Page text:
In addition to The Smiling Lieutenant, TCM is showing a number of outstanding pre-Codes this month. One of the best is Don’t Bet on Women (1931), which I also saw for the first time at the TCM film festival last year. I couldn’t choose it as my pick, because I don’t have a copy of it – YET – and I really couldn’t do it justice without seeing it again. Be sure to check it out, though – it’s airing on January 12th. Other standouts are Mandalay (1934) and Design for Living (1933).
Speaking of Design for Living (1933), it’s the third of the three films in three years that teamed Miriam Hopkins with director Ernst Lubitsch. The Smiling Lieutenant was the first, followed by Trouble in Paradise (1932).
One of Princess Anna’s ladies in waiting was played by Elizabeth Patterson, who you might remember as Lucy Ricardo’s upstairs neighbor and babysitter Mrs. Trumbull, on I Love Lucy. Patterson made her film debut in 1926 at the age of 51. During her 35-year career in Hollywood, the never-married Patterson lived at the Hollywood Roosevelt Hotel (which, incidentally, is ground zero for the TCM film festival). (Have I made enough references to the TCM film fest in this post?) She died at the age of 91, and is buried in her hometown of Savannah, Tennessee.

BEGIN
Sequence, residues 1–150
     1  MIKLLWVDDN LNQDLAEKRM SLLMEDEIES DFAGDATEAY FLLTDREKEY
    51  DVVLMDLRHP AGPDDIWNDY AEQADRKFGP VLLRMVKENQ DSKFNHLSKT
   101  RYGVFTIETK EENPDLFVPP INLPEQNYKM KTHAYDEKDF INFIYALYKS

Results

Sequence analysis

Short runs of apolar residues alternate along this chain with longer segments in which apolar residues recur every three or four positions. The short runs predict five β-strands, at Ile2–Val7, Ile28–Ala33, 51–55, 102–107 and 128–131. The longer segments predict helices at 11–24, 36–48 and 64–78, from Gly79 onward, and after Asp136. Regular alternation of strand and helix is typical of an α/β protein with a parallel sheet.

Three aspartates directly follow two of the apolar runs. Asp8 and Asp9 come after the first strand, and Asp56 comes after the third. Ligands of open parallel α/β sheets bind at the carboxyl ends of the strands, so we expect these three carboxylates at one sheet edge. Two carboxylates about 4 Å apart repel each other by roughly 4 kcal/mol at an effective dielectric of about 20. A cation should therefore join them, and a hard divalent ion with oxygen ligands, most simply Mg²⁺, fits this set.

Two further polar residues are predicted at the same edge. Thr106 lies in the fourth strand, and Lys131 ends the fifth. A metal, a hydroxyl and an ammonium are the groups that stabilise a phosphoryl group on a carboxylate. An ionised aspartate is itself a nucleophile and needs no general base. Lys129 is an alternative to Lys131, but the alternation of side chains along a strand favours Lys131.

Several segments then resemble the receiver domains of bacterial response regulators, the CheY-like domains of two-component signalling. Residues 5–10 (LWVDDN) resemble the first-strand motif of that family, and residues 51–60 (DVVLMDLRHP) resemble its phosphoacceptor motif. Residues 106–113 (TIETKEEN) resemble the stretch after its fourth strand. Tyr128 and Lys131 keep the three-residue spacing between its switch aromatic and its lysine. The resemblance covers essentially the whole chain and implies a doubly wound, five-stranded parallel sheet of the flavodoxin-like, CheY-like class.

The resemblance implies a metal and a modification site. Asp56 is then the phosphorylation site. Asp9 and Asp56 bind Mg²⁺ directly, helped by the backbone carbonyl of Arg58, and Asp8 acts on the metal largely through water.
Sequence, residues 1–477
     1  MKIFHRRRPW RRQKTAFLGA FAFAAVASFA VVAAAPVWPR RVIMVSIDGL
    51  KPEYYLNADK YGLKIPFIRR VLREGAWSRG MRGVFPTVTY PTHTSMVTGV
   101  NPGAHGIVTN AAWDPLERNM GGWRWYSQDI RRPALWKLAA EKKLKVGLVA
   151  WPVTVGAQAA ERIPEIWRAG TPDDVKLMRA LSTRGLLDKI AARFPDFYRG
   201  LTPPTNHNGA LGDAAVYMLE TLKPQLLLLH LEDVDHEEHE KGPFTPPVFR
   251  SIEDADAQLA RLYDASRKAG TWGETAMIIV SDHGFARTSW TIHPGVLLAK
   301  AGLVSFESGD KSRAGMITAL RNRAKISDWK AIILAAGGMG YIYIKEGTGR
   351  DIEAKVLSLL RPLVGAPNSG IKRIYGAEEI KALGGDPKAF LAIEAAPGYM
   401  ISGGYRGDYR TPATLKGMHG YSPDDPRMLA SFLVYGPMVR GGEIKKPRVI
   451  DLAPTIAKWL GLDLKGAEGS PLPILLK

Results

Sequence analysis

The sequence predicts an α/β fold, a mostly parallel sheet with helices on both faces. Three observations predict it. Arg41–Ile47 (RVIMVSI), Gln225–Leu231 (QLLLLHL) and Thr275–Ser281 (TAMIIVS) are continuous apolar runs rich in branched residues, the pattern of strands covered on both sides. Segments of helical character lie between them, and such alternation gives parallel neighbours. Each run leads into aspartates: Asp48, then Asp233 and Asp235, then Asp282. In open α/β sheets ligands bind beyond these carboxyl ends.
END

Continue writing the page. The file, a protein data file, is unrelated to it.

The Smiling Lieutenant was Paramount’s top grossing picture of the year, and the 10th highest of 1931.
The film was adapted from an operetta called A Waltz Dream, which was inspired by a short story called “The Prince Consort.” According to the TCM website, there are those who believe the short story was based on the real-life romance between Queen Victoria and Prince Albert.
If you like Ernst Lubitsch, or Miriam Hopkins, or musicals, or good movies in general, mark your calendar for January 28th and be sure to catch The Smiling Lieutenant. You. Will. Not. Be. Sorry.
When you’re finished over here, be sure to pop over to Speakeasy to find out what Kristina has selected for her Pre-Code Crazy pick of the month!